In this weekly column, real estate agents across the nation share stories of the lessons they’ve learned during their time in the industry. This week, find out how Rhode Island real estate agent Caswell Cooke Jr. learned, “If it is to be, it’s up to me.”

Caswell Cooke

In this weekly column, real estate agents across the nation share stories of the lessons they’ve learned during their time in the industry.

Even if you have a high profile in your local community, it doesn’t always translate into new business.

According to Caswell Cooke Jr., a Rhode-Island-based Realtor with Berkshire Hathaway HomeServices New England Properties, it’s important to connect — and reconnect — with your network to earn every client and every listing. Find out how he learned to work his network more effectively.

How long have you been in the business?

I have been an agent for one year. I have spent the last 20 years in the public eye, first as a DJ and TV talk show host and then as an elected official, having served 14 years on the town council in Westerly, Rhode Island. I also have been the executive director of the Misquamicut Beach Business Association, which I founded in 2000.

All of these contacts and “exposure” made it a natural fit to go into real estate. Throughout my career, I have been proficient in social media promotion and marketing, which is also another natural fit.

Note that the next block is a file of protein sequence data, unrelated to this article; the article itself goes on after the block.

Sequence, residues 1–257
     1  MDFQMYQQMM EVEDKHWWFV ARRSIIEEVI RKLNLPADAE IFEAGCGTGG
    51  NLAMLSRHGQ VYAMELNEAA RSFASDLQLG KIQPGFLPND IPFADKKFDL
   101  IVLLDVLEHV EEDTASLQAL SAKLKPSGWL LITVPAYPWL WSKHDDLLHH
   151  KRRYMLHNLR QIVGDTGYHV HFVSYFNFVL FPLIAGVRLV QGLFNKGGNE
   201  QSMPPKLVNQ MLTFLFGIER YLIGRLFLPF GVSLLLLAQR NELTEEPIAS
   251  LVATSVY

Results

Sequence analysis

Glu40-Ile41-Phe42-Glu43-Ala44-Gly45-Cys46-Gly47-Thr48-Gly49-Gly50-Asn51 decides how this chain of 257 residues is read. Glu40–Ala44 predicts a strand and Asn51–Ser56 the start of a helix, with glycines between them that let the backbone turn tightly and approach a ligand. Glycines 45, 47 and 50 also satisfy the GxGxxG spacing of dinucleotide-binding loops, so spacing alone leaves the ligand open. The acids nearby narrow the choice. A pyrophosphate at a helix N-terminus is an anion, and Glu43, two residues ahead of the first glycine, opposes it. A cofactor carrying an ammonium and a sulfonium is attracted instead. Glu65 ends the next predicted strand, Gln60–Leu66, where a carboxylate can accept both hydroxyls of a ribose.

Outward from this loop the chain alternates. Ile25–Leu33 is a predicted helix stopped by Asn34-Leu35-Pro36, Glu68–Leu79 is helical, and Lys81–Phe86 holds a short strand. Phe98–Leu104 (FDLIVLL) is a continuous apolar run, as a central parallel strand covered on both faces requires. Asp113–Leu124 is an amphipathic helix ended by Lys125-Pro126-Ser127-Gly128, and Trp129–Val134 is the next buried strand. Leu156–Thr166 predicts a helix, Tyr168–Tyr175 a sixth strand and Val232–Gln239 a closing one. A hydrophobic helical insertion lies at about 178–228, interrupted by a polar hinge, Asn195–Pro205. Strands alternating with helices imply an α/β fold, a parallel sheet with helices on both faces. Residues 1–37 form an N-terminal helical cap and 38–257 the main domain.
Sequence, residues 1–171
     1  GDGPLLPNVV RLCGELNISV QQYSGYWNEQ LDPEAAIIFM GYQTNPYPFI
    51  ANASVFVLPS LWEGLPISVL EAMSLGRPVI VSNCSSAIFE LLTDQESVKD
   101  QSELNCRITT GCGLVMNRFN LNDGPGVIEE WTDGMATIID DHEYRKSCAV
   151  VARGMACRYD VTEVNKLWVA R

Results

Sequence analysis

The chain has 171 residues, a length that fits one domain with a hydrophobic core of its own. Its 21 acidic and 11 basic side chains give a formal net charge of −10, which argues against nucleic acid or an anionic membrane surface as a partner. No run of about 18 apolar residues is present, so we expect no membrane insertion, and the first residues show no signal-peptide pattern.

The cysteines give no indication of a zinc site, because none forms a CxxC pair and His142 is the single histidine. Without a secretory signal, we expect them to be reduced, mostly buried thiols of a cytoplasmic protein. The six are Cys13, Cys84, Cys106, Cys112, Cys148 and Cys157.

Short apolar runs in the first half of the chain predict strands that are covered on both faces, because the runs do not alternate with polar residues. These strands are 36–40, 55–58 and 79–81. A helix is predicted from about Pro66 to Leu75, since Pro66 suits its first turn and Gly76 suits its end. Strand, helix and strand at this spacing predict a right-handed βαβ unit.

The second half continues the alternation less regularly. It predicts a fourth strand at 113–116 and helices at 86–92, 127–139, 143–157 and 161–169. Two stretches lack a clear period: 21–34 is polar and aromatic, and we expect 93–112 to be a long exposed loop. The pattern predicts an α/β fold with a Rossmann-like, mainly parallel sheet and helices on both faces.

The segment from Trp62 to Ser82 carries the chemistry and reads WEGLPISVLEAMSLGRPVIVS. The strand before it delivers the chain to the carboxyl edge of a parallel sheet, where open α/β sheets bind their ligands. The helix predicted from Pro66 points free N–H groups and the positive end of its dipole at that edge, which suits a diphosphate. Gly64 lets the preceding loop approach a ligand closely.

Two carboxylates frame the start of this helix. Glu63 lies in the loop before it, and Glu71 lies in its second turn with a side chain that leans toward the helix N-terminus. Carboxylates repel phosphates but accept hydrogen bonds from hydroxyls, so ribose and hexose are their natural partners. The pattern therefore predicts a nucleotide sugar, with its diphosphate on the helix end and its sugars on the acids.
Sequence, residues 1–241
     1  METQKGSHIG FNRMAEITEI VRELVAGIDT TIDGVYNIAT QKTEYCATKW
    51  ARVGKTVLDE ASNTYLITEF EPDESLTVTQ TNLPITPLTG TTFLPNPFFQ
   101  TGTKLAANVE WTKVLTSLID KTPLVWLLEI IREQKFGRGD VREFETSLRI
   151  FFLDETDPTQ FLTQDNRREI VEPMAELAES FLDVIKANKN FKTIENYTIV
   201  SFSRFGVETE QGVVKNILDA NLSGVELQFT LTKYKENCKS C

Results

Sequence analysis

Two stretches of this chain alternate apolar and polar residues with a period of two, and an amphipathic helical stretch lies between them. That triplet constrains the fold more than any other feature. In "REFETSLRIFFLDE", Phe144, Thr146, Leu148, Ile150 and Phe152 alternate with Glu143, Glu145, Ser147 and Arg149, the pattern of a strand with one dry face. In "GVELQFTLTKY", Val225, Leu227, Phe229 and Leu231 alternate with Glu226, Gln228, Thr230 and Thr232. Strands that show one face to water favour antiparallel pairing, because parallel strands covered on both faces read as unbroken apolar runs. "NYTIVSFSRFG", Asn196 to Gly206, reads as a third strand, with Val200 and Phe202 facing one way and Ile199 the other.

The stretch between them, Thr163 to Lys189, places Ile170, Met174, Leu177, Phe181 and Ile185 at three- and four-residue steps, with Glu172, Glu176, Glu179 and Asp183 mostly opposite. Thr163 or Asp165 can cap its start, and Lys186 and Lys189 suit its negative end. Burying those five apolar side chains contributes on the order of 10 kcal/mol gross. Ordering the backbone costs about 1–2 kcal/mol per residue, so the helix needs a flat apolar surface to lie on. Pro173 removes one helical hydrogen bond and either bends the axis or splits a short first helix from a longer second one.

Where do you see yourself in 5 years?

In five years, I would like to see myself as the top agent in Westerly, Rhode Island. We have such a beautiful shoreline community which includes the famous village of Watch Hill, home to Taylor Swift, among others.

What’s one big lesson you’ve learned in real estate?

I have learned in real estate that the listing is not going to happen if you don’t work for it.

How did you learn it?

When I first got my license and joined Berkshire Hathaway, I thought that I could basically hang my shingle, and they would come to me. I assumed my name in the community and friendships and business relationships would make it happen. Boy, was I wrong.

I assumed that one of my business associates was going to list her house with me, so I did almost nothing in the way of research and background neighborhood comps for her. Should it have surprised me that she went with a competitor? No. So what did I learn? You have to work for it. That has never happened again to me!

What advice would you give to new agents?

My advice to those who are starting out is to get involved in your community, no matter how big or small. There is no greater introduction than being a part of your chamber of commerce, business association, rotary or other civic organization. Get out there, and do good things for the right reasons to help others, and you will be rewarded.

Do you want to be featured on an upcoming “Lesson Learned” column? Reach out to us here!

Christy Murdock Edgar is a Realtor, freelance writer, coach and consultant with Writing Real Estate. She is also a Florida Realtors faculty member. Follow Writing Real Estate on  FacebookTwitterInstagram  and YouTube.

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